Yes, some episodes of seasons 6 and 7 are rather meandering, but that happens with most US series that run for 22 episodes each season. Practically any of those series would have benefitted from tightening to, say, 16 episodes per season. (Yes, Lost, this is a not-so-subtle jab in your direction. Don’t screw up now!) But then again, there are some episodes there that a) are among the handful of best episodes and b) wouldn’t have been possible in earlier episodes. The development that Buffy, Willow, Xander & Co have gone through is what makes an episode like “Conversations with Dead People” possible.

I was surprised when I read that four writers worked on “Conversations with Dead People”, because it’s one of the tightest episodes of the entire run of Buffy in terms of its writing. Everything fits together. It was in “Conversations” that I felt most strongly: this series was made by the people who created Firefly. It has the same astute mix of humour, drama and action as the best episodes of that sadly-missed sci-fi series. The episode manages to tell five stories in its 42 minutes: Buffy fights, and is psychoanalysed, by a vampire she went to school with (much funner and less corny than it sounds), Dawn is visited by what may or may not be the ghost of her mother, Willow gets a message from her dead girlfriend (or does she? – you get the gist), the nerdtastic duo Andrew and Jonathan return to their erstwhile stomping grounds, Sunnydale High, and Spike goes in for a little non-verbal Blonde-on-Blonde action.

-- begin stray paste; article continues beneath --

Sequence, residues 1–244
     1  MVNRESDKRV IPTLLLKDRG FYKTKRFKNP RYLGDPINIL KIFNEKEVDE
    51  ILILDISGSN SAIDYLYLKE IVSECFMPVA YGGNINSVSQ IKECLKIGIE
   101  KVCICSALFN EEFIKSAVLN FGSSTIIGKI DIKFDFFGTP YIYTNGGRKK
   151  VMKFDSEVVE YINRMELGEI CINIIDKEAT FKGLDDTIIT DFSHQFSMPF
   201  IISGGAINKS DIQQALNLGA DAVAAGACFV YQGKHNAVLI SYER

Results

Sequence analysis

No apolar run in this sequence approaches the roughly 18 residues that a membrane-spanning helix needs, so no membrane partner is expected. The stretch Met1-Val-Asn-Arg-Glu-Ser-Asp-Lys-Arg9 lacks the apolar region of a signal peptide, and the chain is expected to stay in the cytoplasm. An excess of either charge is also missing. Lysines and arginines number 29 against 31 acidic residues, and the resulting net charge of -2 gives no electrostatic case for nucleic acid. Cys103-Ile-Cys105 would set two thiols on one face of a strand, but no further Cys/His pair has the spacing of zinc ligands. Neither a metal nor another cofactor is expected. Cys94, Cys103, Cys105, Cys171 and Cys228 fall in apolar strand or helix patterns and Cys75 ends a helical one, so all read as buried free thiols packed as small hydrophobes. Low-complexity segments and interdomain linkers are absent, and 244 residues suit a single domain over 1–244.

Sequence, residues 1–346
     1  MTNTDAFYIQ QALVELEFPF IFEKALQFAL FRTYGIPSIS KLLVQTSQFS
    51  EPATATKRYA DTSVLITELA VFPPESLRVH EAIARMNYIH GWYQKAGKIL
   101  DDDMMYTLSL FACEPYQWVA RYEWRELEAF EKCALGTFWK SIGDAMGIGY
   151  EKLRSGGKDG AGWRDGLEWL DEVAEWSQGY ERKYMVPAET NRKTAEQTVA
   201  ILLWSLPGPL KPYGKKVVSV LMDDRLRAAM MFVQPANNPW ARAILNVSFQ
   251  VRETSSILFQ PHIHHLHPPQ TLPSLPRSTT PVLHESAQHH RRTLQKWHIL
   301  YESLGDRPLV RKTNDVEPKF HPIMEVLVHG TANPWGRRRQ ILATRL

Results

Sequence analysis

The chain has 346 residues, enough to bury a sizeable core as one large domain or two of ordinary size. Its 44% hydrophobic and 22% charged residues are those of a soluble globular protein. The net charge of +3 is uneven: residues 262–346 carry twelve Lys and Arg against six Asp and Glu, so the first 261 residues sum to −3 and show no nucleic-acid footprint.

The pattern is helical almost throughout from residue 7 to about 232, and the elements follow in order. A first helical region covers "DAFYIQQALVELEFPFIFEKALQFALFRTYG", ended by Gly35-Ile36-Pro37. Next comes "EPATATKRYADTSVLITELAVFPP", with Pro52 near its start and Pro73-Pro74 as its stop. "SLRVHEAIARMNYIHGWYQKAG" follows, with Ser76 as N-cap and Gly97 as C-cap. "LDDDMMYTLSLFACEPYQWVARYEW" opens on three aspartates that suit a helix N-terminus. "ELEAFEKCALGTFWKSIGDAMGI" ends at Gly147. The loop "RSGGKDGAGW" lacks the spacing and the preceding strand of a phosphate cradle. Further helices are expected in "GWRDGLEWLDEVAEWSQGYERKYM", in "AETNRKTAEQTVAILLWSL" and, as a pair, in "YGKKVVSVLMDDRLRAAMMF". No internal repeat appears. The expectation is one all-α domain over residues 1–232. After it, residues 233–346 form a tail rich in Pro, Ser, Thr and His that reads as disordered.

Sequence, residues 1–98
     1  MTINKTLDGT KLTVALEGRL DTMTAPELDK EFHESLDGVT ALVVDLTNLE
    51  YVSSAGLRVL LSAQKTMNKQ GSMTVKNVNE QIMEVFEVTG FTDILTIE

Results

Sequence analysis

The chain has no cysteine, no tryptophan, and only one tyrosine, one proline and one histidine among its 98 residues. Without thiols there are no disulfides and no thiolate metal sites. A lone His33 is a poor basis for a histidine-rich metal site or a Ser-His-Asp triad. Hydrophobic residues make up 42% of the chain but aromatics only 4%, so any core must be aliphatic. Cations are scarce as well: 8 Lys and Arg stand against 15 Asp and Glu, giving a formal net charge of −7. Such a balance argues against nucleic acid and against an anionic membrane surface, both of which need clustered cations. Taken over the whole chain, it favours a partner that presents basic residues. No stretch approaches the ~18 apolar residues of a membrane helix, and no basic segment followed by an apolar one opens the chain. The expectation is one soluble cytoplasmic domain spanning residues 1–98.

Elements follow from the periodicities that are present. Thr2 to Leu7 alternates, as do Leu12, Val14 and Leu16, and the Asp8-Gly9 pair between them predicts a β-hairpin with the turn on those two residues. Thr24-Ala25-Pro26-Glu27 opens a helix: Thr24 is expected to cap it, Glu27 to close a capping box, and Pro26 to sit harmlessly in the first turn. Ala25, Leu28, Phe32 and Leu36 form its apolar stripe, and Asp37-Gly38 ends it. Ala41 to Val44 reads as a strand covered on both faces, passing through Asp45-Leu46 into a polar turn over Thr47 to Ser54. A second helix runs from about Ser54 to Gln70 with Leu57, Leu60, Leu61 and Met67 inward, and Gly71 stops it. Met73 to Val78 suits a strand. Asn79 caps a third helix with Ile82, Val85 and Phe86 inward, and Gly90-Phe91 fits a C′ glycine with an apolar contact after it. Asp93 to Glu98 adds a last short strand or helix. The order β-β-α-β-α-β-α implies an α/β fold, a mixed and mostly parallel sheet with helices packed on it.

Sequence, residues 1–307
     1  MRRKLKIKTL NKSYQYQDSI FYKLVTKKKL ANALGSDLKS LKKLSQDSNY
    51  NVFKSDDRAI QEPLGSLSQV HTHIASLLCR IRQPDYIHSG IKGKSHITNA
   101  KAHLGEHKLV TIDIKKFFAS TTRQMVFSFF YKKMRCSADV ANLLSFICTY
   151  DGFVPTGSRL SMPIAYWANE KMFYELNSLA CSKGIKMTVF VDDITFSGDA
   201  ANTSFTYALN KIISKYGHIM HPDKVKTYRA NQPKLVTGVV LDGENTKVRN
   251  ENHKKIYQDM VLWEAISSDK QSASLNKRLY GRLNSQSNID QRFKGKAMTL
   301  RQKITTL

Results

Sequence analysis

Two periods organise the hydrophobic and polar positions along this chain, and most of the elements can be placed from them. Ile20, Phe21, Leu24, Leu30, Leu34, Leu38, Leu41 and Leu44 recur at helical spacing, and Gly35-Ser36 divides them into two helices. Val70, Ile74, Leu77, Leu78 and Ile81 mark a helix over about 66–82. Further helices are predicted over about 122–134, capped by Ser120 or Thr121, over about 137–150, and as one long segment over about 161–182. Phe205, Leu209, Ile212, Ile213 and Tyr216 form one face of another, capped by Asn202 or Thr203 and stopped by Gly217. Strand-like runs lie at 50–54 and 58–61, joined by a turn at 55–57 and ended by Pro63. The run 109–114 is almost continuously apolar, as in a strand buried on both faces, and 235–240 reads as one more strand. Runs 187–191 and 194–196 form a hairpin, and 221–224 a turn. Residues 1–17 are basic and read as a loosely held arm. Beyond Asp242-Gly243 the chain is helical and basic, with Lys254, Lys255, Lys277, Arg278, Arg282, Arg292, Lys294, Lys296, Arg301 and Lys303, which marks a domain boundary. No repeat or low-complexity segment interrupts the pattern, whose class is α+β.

What this shortest of summaries doesn’t reveal is the subtletly with which “Conversations” shifts its tone from witty to scary (for a horror-themed series, Buffy rarely had genuinely frightening moments, but this episode more than manages) to poignant. Like so often, the Big Bad in the series is at its most effective when what it says is largely true, but the kind of truth that the characters don’t like to face up to.

Okay, anyone who sat through all of this stuff on an episode of Buffy the Vampire Slayer must be desperately bored or a fan of the series. In either case, here’s a little reward for you sitting this out. Enjoy!